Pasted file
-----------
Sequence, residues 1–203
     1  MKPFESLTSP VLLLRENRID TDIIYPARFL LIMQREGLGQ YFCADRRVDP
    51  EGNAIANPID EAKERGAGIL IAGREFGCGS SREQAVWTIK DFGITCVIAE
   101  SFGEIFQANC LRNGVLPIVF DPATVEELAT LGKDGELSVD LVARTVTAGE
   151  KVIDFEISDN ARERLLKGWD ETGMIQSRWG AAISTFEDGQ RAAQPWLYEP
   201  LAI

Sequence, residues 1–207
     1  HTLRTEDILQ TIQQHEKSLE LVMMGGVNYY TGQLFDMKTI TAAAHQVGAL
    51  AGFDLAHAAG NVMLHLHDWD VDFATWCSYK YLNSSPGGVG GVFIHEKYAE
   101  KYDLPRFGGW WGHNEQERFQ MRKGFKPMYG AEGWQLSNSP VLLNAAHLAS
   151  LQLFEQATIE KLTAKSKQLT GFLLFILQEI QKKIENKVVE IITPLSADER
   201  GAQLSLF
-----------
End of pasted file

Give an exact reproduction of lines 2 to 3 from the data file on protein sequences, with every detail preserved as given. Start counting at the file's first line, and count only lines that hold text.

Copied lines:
     1  MKPFESLTSP VLLLRENRID TDIIYPARFL LIMQREGLGQ YFCADRRVDP
    51  EGNAIANPID EAKERGAGIL IAGREFGCGS SREQAVWTIK DFGITCVIAE